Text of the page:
Personal Computers

Apple Faces Quick-on-the-Draw Rivals in Desktop Publishing

Michael Schrage
The Washington Post

October 20, 1986

What VisiCalc did for the Apple II, and Lotus 1-2-3 did for the IBM PC, it's fair to say Aldus Corp.'s PageMaker has done for Apple's Macintosh.

The premier desktop publishing software package, PageMaker gave people a cost-effective reason to buy the Macintosh. Exploiting the Macintosh's multiplicity of fonts and graphic orientation, the program is a nifty fusion of technical excellence and market-niche champion.

But for all Apple's real and perceived success in desktop publishing, it's still an IBM world-and the software developers know it. While the original IBM PC was little more than a press of Procrustes for a desktop publisher, the PC-AT with graphics boards creates a golden new technical and business opportunity.

"What's changed," says Paul Rainerd, founder and president of Aldus, "is that the PC is becoming more of a graphics base machine" that finally provides "not ideal, but acceptable" desktop publishing quality.

What one loses in typographical finery on the IBM is more than offset by the fact that virtually all the data to be printed already resides on IBM PCs. Corporate America wants its desktop publishing software to interface easily with its existing data-base and word-processing software.

Compatibility counts for a lot. Rainerd clearly believes this. He expects Aldus Corp.'s "PageMaker for the PC" to double his company sales within a year to more than $20 million.

What Aldus has done is taken the Macintosh interface and the PageMaker functionality and shoehorned it into the IBM PC software domain. The software, which should be released shortly, is expected to sell for $695. It runs on Microsoft Window and Aldus recommends an AT or compatible with at least 512K RAM, a 10-megabyte disc and an IBM Enhanced Graphics Adapter (EGA) or Hercules Graphics card.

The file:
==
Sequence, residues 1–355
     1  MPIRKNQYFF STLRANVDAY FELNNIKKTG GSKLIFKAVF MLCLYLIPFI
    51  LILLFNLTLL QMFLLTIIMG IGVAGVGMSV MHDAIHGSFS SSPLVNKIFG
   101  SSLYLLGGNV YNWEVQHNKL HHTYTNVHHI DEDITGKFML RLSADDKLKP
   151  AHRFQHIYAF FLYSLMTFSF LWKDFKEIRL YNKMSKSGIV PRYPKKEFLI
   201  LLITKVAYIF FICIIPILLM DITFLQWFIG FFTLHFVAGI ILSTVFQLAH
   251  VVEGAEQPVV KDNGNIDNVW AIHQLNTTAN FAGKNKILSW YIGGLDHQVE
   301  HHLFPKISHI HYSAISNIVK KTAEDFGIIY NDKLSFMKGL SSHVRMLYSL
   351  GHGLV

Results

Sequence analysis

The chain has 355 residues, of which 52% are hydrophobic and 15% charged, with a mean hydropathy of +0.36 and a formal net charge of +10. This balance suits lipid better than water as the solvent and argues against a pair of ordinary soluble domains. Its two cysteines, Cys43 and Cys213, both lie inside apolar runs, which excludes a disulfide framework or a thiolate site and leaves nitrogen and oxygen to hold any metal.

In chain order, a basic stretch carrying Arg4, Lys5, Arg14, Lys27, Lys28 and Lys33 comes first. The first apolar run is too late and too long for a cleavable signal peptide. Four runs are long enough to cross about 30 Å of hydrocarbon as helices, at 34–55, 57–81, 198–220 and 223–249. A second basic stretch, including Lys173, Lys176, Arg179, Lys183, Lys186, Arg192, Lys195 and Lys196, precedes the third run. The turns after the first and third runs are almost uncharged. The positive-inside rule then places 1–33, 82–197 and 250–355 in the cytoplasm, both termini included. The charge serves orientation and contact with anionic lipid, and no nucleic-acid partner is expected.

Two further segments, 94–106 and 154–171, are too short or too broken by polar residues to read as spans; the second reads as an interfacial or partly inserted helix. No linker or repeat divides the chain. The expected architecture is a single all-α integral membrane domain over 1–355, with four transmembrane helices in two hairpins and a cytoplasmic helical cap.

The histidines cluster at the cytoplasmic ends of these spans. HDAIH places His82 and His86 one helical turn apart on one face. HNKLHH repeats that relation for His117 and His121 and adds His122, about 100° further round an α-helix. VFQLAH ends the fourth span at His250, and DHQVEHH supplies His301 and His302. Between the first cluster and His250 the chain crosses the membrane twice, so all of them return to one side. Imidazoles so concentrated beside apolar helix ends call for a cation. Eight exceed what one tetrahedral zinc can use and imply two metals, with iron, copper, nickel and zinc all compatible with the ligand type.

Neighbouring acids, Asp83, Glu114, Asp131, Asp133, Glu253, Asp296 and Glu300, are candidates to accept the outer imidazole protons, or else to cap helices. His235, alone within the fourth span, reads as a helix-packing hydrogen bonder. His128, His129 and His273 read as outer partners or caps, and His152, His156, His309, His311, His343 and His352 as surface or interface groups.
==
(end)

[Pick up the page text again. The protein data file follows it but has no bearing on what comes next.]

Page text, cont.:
Xerox Corp. similarly offers a package called Ventura Publisher-an $895 program filled with features PageMaker lacks-including batch-processing features that make it easier to prepare items such as books and catalogues. Ventura seems targeted to big corporate desktop publishers, such as the government, banks or Fortune 500 companies that need to run off a thousand training manuals at a crack.

Software Publishing (of PFS fame) offers its $695 Harvard Professional Publisher (no connection to the eastern college of that name) and Studio Software offers its "Front Page" for the same price. Both are regarded as a cut above adequate.

For those interested in quick and dirty desktop publishing, check out Click Art Personal Publisher for $185-also from Software Publishing.

The graphic hardware technology and the AT have combined to reduce the technical edge the Macintosh possesses. Will the installed base of graphics-oriented PCs loosen Apple's grip on the market?

"We're betting on both machines," says Rainerd.

The significant advantage Apple still retains is that it offers a complete system from computer to laser printer for its customers. But Rainerd points out that IBM recently created a corporate desktop publishing independent business unit-the same kind of independent business unit that gave birth to the IBM PC.

This is a market that IBM takes very seriously. Clearly, the big winners are going to be clever software developers such as Aldus Corp., and people who need the flexibility and diversity that desktop publishing can provide.

Copyright 1986